Shareholders Rip Into Discover Execs

     CHICAGO (CN) – Discover Financial Services faces more than $120 million in penalties for deceptive marketing condoned by its executives, shareholders say in a derivative complaint.
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     Attorneys general in West Virginia, Missouri and Hawaii have filed lawsuits accusing Discover of charging consumers without their consent for add-on products such as identity theft protection and credit score tracking, according to the federal complaint.
     Named plaintiff James Groen sued Discover Financial Services and 17 of its corporate officers.
     “Defendants’ faithless acts have exposed Discover to tens of millions of dollars in damages as well as severely injured Discover’s reputation, goodwill and standing in the business community,” the complaint states.
     “Discover is one of the world’s largest credit card issuers. Discover earned more than $300 million in annual revenue from the sale of several optional fee-based financial products in each of the last two years. Discover markets these products to its customers to provide financial security against hardships such as job loss, sickness, identity theft, lost wallets, and low credit scores. Discover, however, often enrolled consumers in these products based on highly deceptive and misleading telemarketing calls. The deceptive marketing practices include charging some consumer for the products without the consumer’s consent or knowledge of the cost or product they were signing up for.
     “Defendants condoned the deceptive marketing of these add-on products. Discover is in a position to do this because, unlike a typical telemarketer, it has access to the person’s personal and financial information.”
     Discover settled a class action fraud complaint for $10.5 million and has reserved $110 million to settle an investigation by the Federal Deposit Insurance Corporation and Consumer Financial Protection Bureau, the complaint states.
     “Although Discover has been severely injured, defendants have not fared nearly so badly. Defendants pocketed tens of millions of dollars in salaries, fees, stock options, and other payments that were not justified in light of the violations of law at Discover that occurred during their watch. These payments wasted valuable corporate assets and unjustly enriched defendants to the detriment of Discover,” Groen claims.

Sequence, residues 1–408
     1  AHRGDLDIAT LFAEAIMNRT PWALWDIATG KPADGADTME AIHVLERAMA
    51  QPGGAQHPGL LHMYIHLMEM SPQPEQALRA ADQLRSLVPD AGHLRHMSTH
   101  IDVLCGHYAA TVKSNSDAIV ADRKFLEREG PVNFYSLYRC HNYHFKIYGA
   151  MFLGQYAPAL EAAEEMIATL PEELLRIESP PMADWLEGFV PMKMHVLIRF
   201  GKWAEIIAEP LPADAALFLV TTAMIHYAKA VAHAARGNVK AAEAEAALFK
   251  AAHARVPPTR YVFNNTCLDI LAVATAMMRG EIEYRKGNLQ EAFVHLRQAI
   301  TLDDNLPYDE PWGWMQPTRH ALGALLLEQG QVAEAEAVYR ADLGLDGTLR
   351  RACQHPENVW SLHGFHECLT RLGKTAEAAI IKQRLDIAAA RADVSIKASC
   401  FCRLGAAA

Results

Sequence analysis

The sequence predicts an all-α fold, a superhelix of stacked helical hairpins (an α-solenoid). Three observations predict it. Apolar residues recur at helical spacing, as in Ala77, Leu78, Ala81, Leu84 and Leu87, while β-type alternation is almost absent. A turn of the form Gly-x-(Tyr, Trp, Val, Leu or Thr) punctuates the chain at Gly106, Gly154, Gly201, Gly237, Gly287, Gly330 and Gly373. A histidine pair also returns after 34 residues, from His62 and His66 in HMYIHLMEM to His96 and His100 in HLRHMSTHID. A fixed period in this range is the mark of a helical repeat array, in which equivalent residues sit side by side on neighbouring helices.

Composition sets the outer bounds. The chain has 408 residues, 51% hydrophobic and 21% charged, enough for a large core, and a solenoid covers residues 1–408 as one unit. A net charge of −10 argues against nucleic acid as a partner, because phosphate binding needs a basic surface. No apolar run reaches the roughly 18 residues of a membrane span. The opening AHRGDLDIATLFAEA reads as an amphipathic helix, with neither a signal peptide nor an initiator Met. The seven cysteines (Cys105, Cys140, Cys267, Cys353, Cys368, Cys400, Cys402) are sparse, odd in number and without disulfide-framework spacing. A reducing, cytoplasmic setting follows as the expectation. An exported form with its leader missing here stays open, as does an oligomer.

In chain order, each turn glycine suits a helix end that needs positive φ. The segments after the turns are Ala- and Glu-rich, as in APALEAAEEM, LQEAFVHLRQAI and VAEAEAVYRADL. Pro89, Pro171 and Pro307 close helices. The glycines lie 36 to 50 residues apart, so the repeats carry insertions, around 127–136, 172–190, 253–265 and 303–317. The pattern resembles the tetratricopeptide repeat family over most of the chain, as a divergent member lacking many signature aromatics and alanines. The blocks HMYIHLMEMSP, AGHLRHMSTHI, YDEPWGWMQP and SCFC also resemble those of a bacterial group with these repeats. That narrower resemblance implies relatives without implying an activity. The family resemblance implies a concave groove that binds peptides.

Among other things, he says, Discover pushed a Payment Protection Plan, ostensibly to protect borrowers from defaulting if they lose their job or are hospitalized, on customers who do not qualify for benefits.
     “While on defendants’ watch, Discover relied upon a deceptive practice known as ‘post claims underwriting’ to accomplish this strategy. This is the practice of asking few or no questions of the cardholder at the time of sale to determine if the customer is likely to qualify for benefits should the need arise. When the customer attempts to use the ‘benefits’ of the Payment Protection Plan, Discover denies the benefits for reasons that were not disclosed at the time of sale. For example, numerous retired senior citizens are charged for the Payment Protection Plan even though they are excluded from ever receiving unemployment benefits,” the complaint states.
     It adds: “Discover’s telemarketers employee numerous deceptive tactics to elicit an affirmative response from the cardholder without the cardholder actually understanding that they are supposedly agreeing to purchase an optional product for a monthly fee, thereby tricking some consumers into unknowingly signing up for the plans.”
     Groen claims: “Had the defendants abided by their duty of loyalty, these improper marketing tactics would not have occurred and the unlawful activity would not have continued for nearly a decade.”
     He seeks damages for breach of fiduciary duty, corporate waste, and unjust enrichment.
     Groen is represented by James Barz of Robbins, Geller, Rudman & Dowd.
     Here are the individual defendants: David Nelms, Mark Graf, Carlos Minetti, Harit Talwar, Lawrence Weinbach, Jeffrey Aronin, Mary Bush, Gregory Case, Robert Devlin, Follin Smith, Michael Moskow, Thomas Maheras, Cynthia Glassman, Richard Lenny, Roy Guthrie, Mary Georgiadis and Phillip Laskawy.

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